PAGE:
News briefs for Dec. 2
Dow plunges nearly 680
NEW YORK – The stock market suffered one of its worst days since the financial meltdown Monday, slicing 680 points off the Dow Jones industrial average as Wall Street snapped out of its daydream of a rally and once again faced the harsh reality of a recession.
Not only did stocks end their five-day winning streak, they erased more than half the gains. The Standard & Poor’s 500 stock index, one of the broadest market gauges, lost nearly 9 percent.
Obama picks Gates, Clinton for foreign policy team
CHICAGO – Barack Obama announced a national security team Monday headed by Hillary Rodham Clinton, who fought him long and bitterly for the presidency, and Robert Gates, the man who has been running two wars for George W. Bush – striking choices by a president-elect who declared he wanted “strong personalities and strong opinions.”
While the team may be a bit more centrist – some war opponents might even say hawkish – that many Obama supporters might prefer, he said he still thinks 16 months is “the right time frame” for pulling most U.S. combat troops from Iraq. He added, as he often did in the presidential campaign’s closing months, that he would consult with military commanders before setting a firm timetable.
Bush uses final 50 days in office to tout legacy
WASHINGTON – President George W. Bush says history will judge him, but he is getting his own crack first. Bush is using his final 50 days in office to tout his legacy, hoping to leave a lasting impression of overshadowed progress. On Monday, World AIDS Day, Bush was heralded for his leadership in fighting the disease, a point that even his Democratic critics readily concede.
The anti-AIDS program Bush championed in 2003 has delivered lifesaving medicine to more than 2 million people in five years, up from 50,000 people before it began. Many of those helped live in impoverished sub-Saharan Africa, where AIDS is the leading killer.
Jennifer Hudson’s estranged brother-in-law arrested
CHICAGO – Police arrested the estranged brother-in-law of Jennifer Hudson on Monday in the deaths of the entertainer’s mother, brother and young nephew, taking him from a prison where he had been held on a suspected parole violation.
William Balfour was arrested at Stateville Correctional Center and released to detectives as he awaited formal charges in the shooting deaths of the singer and Oscar-winning actress’ relatives, said Chicago police spokeswoman Monique Bond.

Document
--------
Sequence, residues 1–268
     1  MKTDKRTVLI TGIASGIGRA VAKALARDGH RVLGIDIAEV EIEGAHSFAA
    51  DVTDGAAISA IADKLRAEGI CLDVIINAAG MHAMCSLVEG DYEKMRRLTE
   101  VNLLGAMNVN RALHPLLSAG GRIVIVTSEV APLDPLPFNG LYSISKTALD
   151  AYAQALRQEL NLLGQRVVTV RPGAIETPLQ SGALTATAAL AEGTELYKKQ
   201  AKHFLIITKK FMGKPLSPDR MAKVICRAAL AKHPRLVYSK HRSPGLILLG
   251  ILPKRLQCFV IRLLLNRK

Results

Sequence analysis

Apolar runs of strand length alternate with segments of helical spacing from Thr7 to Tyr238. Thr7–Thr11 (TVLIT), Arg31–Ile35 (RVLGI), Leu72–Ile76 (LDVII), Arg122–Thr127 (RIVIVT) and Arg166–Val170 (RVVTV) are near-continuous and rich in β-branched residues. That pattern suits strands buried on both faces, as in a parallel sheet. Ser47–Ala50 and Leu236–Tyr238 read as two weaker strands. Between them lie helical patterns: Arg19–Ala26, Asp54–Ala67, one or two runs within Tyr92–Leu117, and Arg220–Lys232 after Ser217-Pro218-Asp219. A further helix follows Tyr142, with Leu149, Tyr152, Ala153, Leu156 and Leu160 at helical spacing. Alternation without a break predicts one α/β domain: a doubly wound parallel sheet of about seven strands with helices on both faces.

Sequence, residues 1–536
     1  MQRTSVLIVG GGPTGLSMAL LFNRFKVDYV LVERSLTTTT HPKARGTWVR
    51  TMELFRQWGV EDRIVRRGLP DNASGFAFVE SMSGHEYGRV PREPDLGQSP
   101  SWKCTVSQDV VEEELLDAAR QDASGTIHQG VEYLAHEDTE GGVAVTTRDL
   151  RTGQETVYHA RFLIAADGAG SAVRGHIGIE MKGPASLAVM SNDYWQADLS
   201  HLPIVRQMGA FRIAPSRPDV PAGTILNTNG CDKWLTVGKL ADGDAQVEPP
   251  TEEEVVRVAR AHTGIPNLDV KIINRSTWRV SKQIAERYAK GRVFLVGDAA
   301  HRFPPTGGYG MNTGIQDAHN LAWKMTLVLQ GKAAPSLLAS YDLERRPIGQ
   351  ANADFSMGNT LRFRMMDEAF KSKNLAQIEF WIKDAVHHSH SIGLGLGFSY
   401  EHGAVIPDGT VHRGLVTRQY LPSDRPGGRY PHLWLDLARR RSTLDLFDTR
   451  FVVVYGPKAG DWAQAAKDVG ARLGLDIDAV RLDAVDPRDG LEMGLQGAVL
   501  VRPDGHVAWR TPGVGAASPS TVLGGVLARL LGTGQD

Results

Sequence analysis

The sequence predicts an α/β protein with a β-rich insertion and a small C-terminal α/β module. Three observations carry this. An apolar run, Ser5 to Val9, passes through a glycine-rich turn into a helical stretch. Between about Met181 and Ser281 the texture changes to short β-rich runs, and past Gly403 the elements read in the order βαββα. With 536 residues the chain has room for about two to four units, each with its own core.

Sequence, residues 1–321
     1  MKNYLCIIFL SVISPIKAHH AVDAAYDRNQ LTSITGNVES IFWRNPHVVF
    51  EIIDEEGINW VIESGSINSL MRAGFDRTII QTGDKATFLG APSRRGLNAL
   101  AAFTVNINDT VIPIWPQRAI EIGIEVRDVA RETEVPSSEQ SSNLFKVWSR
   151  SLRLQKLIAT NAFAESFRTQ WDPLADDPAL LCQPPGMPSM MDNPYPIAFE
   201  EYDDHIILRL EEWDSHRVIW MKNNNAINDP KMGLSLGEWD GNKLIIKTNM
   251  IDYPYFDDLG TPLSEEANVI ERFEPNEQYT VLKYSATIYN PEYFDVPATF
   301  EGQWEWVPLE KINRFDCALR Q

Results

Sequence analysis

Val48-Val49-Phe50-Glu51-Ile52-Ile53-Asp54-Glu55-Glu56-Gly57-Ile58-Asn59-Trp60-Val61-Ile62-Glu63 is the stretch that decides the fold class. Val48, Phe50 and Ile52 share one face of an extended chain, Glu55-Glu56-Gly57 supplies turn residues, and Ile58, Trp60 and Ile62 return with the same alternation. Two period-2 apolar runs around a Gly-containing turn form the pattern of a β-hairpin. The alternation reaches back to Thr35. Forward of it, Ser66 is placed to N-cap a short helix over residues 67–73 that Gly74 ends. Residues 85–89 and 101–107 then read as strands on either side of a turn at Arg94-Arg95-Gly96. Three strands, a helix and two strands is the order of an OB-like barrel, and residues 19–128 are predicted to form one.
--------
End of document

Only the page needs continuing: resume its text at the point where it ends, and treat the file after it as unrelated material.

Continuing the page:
India demands Pakistan take ‘strong action’
MUMBAI, India – India demanded Monday that Pakistan take “strong action” against those behind the deadly Mumbai attacks, and Washington pressured Islamabad to cooperate with the investigation.
The only known surviving attacker told police that his group trained for months in camps operated by a banned Pakistani militant group, learning close-combat techniques, explosives training and other tactics for their three-day siege.
Teams from the FBI and Britain’s Scotland Yard met with top Indian police as they prepared to help collect evidence, a police official said.
Soldiers removed the remaining bodies from the shattered Taj Mahal hotel, where the standoff finally ended Saturday morning, with at least 172 people dead and 239 wounded. The army had already cleared other siege sites, including the five-star Oberoi hotel and the Mumbai headquarters of an ultra-Orthodox Jewish group.
India’s financial hub returned to normal Monday to some degree, with parents dropping their children off at school and shopkeepers opening for the first time since the attacks, which Indian authorities blamed on the banned Pakistani militant group Lashkar-e-Taiba.
Palin implores Georgia Republicans to back Sen. Chambliss in his hotly contested Senate runoff
AUGUSTA, Ga. (AP) — Alaska Gov. Sarah Palin urged Georgia voters to back Sen. Saxby Chambliss in Tuesday’s runoff in an election eve appeal that underscored her popularity within the Republican Party and the GOP’s efforts to stave off erosion of its shrinking Senate numbers.
“Losing an election doesn’t mean we have lost our way,” the former vice presidential candidate told a cheering crowd of 2,500 on Monday in the central Georgia town of Perry. “If we are to lead again, we have lots of hard work ahead of us. Let it begin here tomorrow in Georgia.”
Palin’s campaign appearances for Chambliss — four total — were her first since she and Republican presidential nominee John McCain stumbled on Nov. 4. Georgia Republicans clearly were looking ahead, with supporters waiting in the cold for more than an hour to attend the rallies. Vendors in Augusta sold bright pink “Palin 2012” T-shirts and “Palin for President: You Go Girl” buttons. Chants of “Sa-rah!” greeted Palin.
Palin highlighted Chambliss’ conservative record of supporting gun rights and opposing abortion. Faced with the prospect of Democrats padding their Senate numbers — they are two votes shy of the 60 needed to thwart Republican filibusters — Palin said it was critical to elect the first-term Republican lawmaker.
“We must send Saxby back to the United States Senate,” Palin told the crowd in Augusta.